The Japanese Rating and Investment agency has upgraded Uruguay’s debt rating from BB- to BB with a stable outlook according to the latest release this week. This is two slots below investment grade and recognized among other factors the light public debt service burden until 2011.
In its decision support rationale R&I says that the Uruguayan economy continued to expand steadily until 2008, with a stabilized fiscal position and bolstered management foundation of its banks.
Enhancement of the trade structure through diversification of export destinations, combined with an inflow of foreign direct investment, have improved the balance of international payments, and enabled Uruguay to accumulate ample foreign reserves. Although Uruguay appears unlikely to avoid a fiscal deficit in 2009 because of an economic slowdown, the size of the deficit is expected not likely to exceed 3% of GDP.
The report indicates that over a six-year period until 2008, Uruguay achieved average annual economic growth in excess of 7% with large-scale investment projects funded by foreign capital with ample room for future economic growth.
Unemployment rate dropped from 17% to the 7% range, and per capita GDP rose above 9.000 US dollars.
The fiscal deficit in 2008, when Uruguay was buffeted by drought and a sharp rise in crude oil prices, was held to within 2% of GDP, and public debt as a percentage of GDP was reduced to 51.4%.
The government has worked to improve its debt structure, through measures such as lengthening debt maturities and increasing the weighting of peso-denominated securities, which has helped to eliminate concerns with regard to the refinancing of foreign currency-denominated debt.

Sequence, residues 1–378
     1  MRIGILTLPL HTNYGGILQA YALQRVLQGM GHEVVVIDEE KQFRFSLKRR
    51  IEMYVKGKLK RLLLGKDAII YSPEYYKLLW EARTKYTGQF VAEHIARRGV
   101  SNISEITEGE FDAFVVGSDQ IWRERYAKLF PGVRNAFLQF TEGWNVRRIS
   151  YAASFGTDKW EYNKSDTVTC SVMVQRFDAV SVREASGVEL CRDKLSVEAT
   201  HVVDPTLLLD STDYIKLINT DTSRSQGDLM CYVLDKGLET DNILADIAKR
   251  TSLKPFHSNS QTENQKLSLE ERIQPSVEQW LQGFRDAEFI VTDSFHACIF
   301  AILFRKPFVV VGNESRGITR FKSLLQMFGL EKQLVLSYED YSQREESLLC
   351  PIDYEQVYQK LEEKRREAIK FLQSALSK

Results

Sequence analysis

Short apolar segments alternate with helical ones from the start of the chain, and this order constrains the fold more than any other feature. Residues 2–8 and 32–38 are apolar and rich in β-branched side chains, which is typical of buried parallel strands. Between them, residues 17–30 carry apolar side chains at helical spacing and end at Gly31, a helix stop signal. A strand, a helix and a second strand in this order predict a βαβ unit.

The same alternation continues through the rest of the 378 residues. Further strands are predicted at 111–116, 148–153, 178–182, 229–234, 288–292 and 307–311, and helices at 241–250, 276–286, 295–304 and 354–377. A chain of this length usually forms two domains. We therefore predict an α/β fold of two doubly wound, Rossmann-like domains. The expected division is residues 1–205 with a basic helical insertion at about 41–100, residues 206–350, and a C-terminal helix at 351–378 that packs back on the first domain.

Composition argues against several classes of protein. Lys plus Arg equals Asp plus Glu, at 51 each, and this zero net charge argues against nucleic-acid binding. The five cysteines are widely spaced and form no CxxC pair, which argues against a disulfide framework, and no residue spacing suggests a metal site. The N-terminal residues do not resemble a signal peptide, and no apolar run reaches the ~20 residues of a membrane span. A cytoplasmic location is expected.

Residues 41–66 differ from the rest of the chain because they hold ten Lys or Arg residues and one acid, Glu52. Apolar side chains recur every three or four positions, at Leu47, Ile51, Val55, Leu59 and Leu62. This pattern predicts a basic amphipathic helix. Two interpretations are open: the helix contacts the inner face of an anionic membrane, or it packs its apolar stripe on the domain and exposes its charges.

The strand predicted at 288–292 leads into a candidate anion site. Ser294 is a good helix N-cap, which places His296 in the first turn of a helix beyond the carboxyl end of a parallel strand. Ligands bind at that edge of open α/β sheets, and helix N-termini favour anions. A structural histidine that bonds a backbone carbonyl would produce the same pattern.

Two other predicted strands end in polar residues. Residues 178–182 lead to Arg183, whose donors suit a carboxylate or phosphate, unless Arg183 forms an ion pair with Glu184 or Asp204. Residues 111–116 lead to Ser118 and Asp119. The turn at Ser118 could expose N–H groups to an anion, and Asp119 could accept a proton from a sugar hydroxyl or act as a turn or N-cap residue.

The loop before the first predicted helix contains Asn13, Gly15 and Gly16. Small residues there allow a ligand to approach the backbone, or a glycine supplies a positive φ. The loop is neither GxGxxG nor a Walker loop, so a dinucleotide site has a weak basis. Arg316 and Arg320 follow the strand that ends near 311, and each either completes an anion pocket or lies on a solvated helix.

Under the impact of falling prices for primary commodities such as grain and beef, exports have stalled since September 2008. With prices for exports still at historically high levels, however, and import prices falling as a result of the large decline in crude oil prices, Uruguay is among Latinamerican countries that have been able to maintain their terms of trade.
Although the current account deficit in 2008 rose to 1.2 billion US dollars, direct investment by foreign enterprises was substantially higher, totalling 2.2 billion. Uruguay also is benefiting from inflows of deposits from non-residents. As of June 30, 2009, foreign reserves stood at 7.4 billion USD, a record high level.
Based on the lessons of the financial crisis in 2002, Uruguay's financial authorities have imposed high reserve requirements on banks for dollar-denominated deposits. Consolidation within the banking industry that involved foreign-affiliated banks were completed, and the operational base and financial position of banks have been strengthened.
The capital adequacy ratio under the Basel II criterion on average is 15.2%, while allowances for doubtful accounts are six times the level of delinquent loans (two-month arrears standard), both high levels.
Claims against Argentina as a percentage of total loans outstanding have fallen sharply, from 20% in 2002 to 1% today. Deposits from Argentina as a percentage of total foreign currency deposits have declined as well, from 40% to 18%. The risk that banks will be hit by a surge of deposit withdrawals sparked by concerns about the future of Argentina's economy has receded significantly.
Even if foreign currency deposits equivalent to 40% of all foreign currency deposits are withdrawn, as they were in 2002, the remaining foreign reserves balance is calculated to be 3 to 3.5 billion USD.
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I am glad to know that Uruguay's debt rating has gone up. The country has had some problems like the declining prices for both the cattle and crude oil, yet somehow they have managed to have their debt structure look better. As a result, the condition has improved.Aug 01st, 2009 - 07:11 pm 0
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